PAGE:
Playing Music with Louis Youngblood

by Larry Morrisey

I’m not sure when I first met Louis, but I became aware of him through Scott Barretta, who interviewed him for the Arts Commission’s Folk Arts program and had connected him to the broader national blues community. I interviewed him for a story in the Jackson Free Press in 2007 and we became friendly. I began going to see him play and when he found out I was a drummer, he gave me a short tryout and I began backing him up at many of his shows.

When playing with him, I had to pay attention at all times. He never used a set list and would not tell me or the other musicians what he was going to play next. I would have to listen to him play by himself for a short bit before making a guess at the song and joining in.

Although he had a large standard repertoire that made up the bulk of a show, he would regularly include a song that I had never heard him play. These could vary from an old country classic like Jim Reeves’ “He’ll Have to Go,” to his take on a current hit by southern soul artists like JWonn and Nellie “Tiger” Travis. He remained curious about new music and was always listening to the radio, picking out songs that he could add to his set.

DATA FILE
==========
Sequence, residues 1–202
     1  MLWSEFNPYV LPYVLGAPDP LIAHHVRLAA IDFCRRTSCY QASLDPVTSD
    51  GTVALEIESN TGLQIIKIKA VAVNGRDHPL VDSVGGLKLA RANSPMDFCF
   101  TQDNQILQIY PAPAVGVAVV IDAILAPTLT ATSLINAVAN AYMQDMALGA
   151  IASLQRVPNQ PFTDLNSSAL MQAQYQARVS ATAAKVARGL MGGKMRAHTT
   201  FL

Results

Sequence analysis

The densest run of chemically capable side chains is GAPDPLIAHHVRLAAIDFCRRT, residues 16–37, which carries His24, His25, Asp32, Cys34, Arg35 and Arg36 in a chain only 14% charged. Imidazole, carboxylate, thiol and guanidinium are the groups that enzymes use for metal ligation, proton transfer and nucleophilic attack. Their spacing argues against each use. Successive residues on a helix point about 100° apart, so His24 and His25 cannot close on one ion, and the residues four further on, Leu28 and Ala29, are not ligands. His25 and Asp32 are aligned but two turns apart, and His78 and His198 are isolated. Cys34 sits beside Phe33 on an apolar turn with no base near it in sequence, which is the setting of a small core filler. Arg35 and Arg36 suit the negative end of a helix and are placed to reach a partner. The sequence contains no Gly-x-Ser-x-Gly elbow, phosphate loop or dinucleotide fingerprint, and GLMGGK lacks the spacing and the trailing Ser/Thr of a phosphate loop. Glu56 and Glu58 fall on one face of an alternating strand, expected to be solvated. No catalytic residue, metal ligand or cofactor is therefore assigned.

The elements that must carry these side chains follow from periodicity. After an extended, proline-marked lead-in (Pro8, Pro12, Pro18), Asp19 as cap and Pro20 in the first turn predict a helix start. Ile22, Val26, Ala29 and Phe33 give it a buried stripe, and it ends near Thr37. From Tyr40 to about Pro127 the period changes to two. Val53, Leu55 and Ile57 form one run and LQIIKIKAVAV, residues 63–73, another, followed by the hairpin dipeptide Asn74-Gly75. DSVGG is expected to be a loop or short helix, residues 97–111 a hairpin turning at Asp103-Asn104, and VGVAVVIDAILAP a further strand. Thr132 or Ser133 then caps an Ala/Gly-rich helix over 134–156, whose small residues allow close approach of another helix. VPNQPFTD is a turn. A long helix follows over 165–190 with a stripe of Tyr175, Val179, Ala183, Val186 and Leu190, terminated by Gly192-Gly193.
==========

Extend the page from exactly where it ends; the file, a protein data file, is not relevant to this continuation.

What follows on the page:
There were many challenging gigs that we played together, including performing outside in freezing weather for the Mississippi Blues Marathon, sweating buckets onstage while playing an afternoon slot at the Grassroots Blues Festival in July, and playing long, late-night sets at Red’s Lounge in Clarksdale, with owner Red Paden calling out to Louis to stop so he could close up.

Over the years, Louis played in concert halls and at large festivals, but he was most comfortable in a small club where the audience was close. He liked the interaction with the crowd. While it would often take him 20-30 minutes to warm up at the beginning of a show, once he was in the zone he could play for hours without stopping. I would often have to plead with him for a bathroom break.

Despite his unique talents as a performer, Louis was incredibly humble about his abilities. Being left-handed, it had been a challenge for him to learn guitar technique from right-handers, so he developed his own way of playing. He recalled that when he was younger, he was often told that he was “playing it wrong.” I think that this experience gave him a unique perspective that he carried into how he wrote his own music and performed other musician’s songs. He would create his own unique versions of blues standards and current hits.

For several years I had wanted to help him record an album with a full band and thankfully we got the chance to do it in 2017. We had great help on the project from the folks at Dial Back Sound recording studio in Water Valley, who were sympathetic to his unique style. I believe that the CD shows his deep connection to the blues tradition as well as how he brought his sense of humor into many of his songs.

Louis was a unique musician, but he was also a great person to be around. I appreciated his ability to find joy in simple things and his interest in meeting and interacting with the different people we met through our travels together. I learned a lot from him and will greatly miss his presence in my life.